WASHINGTON (May. 19)
Webster Hubbell, President Clinton’s old friend and nominee for associate attorney general, has resigned from a mainly white country club, in the wake of concerns raised by Jewish officials and others.
Hubbell’s membership in the Country Club of Little Rock, which only recently admitted its first black member, had troubled officials of the Anti-Defamation League, which raised the matter in a meeting with the nominee Monday.
As associate attorney general, the third-ranking position in the Justice Department, Hubbell would have responsibility for civil justice policy, and some wondered how his club membership would affect his job performance.
The Little Rock attorney told the Senate Judiciary Committee on Wednesday that he had resigned from the club because he was afraid the issue would detract from the work he would do in the Justice Department.
“I have come to realize that there remains in the minds of some people the perception that my continued membership in the club reflects some lack of sensitivity,” Hubbell said.
“I think it’s important that that perception not distract from the job that I hope you will allow me to undertake,” he continued. “Therefore, I have resigned my membership from the Country Club of Little Rock.”
ADL had been concerned about how Hubbell’s membership in the club might affect his discrimination-fighting responsibilities as a top official in the Clinton Justice Department.
TRIED TO END DISCRIMINATION
Officials of the organization wrote to the nominee last week requesting a meeting, and he promptly responded. On Monday, he met with Melvin Salberg, ADL national chairman; Meyer Eisenberg, chair of the ADL’s National Civil Rights Committee; and Jess Hordes, ADL Washington representative.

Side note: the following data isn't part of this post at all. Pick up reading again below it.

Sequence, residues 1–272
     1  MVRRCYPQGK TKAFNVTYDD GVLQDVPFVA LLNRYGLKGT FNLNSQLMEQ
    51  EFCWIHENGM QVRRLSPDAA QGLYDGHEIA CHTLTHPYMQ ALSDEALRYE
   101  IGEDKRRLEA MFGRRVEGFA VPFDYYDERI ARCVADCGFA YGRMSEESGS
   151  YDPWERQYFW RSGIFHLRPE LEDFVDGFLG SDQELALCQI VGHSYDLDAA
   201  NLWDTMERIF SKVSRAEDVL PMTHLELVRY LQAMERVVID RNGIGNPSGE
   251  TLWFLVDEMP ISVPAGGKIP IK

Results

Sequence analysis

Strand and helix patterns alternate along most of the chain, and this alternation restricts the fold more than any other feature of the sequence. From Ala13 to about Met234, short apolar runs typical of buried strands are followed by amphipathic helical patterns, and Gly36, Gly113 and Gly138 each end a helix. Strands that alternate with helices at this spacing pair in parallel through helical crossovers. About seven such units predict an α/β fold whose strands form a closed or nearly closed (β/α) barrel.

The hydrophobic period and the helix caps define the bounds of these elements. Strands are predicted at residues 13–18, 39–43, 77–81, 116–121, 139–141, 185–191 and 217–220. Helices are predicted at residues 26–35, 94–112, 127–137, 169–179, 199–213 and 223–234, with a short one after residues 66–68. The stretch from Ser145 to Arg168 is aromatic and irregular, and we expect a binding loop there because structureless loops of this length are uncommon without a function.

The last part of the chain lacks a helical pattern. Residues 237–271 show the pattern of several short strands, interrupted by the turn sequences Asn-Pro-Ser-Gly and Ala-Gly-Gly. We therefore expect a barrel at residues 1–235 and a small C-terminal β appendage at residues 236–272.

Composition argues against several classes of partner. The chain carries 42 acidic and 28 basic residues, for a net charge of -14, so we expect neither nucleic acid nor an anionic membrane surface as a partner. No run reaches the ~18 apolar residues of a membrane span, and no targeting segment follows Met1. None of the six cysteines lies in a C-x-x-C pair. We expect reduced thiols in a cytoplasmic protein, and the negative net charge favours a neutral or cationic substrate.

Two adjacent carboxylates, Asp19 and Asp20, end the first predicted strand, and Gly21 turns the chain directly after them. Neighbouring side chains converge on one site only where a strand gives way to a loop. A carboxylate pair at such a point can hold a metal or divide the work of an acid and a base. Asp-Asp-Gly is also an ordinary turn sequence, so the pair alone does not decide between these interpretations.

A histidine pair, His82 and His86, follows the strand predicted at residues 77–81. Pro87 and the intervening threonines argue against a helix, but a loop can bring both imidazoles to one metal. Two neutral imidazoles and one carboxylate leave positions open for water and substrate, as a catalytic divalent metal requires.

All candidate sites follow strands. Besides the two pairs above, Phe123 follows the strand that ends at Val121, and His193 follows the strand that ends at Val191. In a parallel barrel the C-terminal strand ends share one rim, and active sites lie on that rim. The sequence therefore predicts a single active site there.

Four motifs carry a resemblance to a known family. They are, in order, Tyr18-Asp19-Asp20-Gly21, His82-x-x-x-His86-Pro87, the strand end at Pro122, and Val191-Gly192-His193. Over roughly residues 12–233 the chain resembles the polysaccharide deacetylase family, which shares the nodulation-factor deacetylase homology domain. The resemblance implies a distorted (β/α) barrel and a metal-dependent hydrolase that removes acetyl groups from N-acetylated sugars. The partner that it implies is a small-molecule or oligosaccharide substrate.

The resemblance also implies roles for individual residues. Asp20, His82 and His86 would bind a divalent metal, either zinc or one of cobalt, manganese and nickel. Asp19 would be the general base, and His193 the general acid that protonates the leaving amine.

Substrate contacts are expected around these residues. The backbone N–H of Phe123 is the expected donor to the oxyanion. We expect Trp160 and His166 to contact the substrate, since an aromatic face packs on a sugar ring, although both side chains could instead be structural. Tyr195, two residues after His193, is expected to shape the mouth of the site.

The ADL officials emerged from the meeting feeling reassured that Hubbell was working to end discriminatory practices at the club.
“Mr. Hubbell told us he was committed to ending the discriminatory practices at his country club and pledged his best efforts to addressing the cancer of discrimination from his leadership position in the Justice Department,” Salberg said in a statement.
Hubbell was praised Wednesday by Senate Judiciary Committee Chairman Joseph Biden (D-Del.) for working to open the club’s membership to minorities.
“For some years he has made bona fide efforts, repeated efforts, to encourage African American members of the Little Rock community to join the club,” Biden said. “And last year, the first such member of the club was admitted, specifically with the recommendation of Mr. Hubbell, among others.”
Hordes said Monday that in the 45-minute meeting, Hubbell also described his efforts to get blacks and women involved on boards and commissions in Little Rock.
The ADL delegation did not raise the issue of Jewish membership in the club, Hordes said, adding that he thought the club did have some Jewish members.